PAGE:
A part from the associative group of Sèmè Okoun in the municipality of Sèmè Kpodji where seawater is used and the sun drying technology is deployed [21], the other five municipalities collect salty sand by thermosiphon, filter the salty sand by leachate and use fire wood as an energy source to evaporate the water [22].

3.2.1. Sèmè Okoun Technology

Seawater was poured on pan like plastic batches and sun-dried for 48 hours. Figure 2 depicts the technic.

· A 3.00 m × 1.00 m crystallizer was made, the bottom of which is lined with black tarpaulin of rectangular section with a depth of 0.10 m; the equilibrium of which is maintained with wood.

Table 1. Table salt producing groups in southern Benin and characteristics.

Figure 2. Photograph of women Association of Sèmè-Okoun installing the salt production plant which’s fundamental component is the black tarpaulin held by woodbin.

· Seawater is poured in the crystallizer and allowed to evaporate under the action of the sun and wind, living behind crystallized salt.

A total of 48 crystallizers are set up within an area of 40 m × 30 m fenced with local materials made from branches of oil palm trees.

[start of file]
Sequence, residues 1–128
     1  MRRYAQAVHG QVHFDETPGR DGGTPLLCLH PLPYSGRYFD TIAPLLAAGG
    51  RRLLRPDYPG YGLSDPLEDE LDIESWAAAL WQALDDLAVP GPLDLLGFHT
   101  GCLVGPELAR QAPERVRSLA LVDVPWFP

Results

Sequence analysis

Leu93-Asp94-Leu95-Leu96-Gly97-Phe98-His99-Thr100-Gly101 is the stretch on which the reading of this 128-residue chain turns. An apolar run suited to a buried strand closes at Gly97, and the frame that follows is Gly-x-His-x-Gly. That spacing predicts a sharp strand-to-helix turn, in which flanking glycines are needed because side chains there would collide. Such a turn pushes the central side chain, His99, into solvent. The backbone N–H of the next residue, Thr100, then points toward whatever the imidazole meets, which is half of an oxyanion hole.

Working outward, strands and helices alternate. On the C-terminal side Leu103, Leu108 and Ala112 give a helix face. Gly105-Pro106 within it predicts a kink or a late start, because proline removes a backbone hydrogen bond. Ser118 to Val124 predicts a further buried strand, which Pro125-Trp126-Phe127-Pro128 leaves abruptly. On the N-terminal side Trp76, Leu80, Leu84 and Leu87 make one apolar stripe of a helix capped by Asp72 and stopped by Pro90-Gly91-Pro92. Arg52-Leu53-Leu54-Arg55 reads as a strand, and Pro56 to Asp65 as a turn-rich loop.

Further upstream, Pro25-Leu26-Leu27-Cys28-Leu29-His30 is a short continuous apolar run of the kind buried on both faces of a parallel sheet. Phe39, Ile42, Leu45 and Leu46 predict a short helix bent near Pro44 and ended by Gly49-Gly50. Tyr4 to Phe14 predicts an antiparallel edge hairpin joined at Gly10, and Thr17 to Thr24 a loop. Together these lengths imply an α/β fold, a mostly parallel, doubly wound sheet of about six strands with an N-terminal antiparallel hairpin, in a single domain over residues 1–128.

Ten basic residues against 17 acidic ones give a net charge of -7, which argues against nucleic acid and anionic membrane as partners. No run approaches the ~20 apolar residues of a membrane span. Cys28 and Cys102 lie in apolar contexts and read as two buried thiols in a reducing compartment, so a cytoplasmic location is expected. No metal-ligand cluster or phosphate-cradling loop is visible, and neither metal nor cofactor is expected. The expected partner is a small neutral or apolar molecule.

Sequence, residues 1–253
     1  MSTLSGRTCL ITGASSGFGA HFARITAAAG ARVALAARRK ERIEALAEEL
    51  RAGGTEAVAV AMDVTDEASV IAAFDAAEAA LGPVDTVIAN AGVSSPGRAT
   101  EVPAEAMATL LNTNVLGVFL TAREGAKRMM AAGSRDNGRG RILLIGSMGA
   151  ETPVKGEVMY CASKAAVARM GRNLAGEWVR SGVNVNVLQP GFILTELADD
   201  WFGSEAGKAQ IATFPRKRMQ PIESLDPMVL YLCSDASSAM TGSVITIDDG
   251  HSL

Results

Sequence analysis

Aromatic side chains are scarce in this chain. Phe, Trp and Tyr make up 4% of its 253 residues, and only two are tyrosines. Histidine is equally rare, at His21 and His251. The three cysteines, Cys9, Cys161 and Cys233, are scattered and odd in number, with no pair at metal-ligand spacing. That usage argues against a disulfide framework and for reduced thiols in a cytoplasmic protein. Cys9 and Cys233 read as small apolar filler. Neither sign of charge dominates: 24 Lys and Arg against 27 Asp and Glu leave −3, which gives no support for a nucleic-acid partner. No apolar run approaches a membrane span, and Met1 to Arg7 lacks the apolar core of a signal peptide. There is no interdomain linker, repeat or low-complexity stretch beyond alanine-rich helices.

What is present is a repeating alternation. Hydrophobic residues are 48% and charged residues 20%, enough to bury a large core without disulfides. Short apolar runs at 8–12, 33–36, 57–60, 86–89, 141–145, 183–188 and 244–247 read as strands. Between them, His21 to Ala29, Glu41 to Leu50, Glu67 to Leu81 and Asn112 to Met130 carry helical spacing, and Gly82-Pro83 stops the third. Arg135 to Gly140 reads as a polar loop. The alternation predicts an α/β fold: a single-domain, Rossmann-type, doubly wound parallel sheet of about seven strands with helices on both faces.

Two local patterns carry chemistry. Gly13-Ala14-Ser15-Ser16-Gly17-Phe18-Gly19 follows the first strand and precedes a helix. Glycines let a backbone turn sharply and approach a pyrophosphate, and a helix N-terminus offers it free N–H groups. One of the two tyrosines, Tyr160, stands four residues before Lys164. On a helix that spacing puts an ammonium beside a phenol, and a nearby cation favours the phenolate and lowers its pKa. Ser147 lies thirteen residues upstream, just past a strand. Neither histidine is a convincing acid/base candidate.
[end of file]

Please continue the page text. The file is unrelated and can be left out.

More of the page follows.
Daily work, consisting of collecting seawater from the seashore to the salt plant, starts at 6 a.m. and ends by 9 a.m. By 4 p.m., a small amount of salt crystal is formed in the crystallizer.

The favorable period for this activity extends from November to May corresponding to the dry season. On average, 150 kg of salt is produced monthly for a total of 900 kg annually. The nutritive quality of the salt is determined by its iodine content. The chemical analyzes carried out by the Food and Applied Nutrition Department (DANA) revealed that this salt is poor in iodine. Iodization of the harvested salt is one of the challenges faced by this group of women. Another challenge is the transportation of seawater from the seashore to the plant. Women have to carry on their head 50 L-containers filled with seawater for over 3 km on a sandy path. Installation of a pumping system as a solution is envisaged, but the technology is not well mastered because of the violent waves of the sea.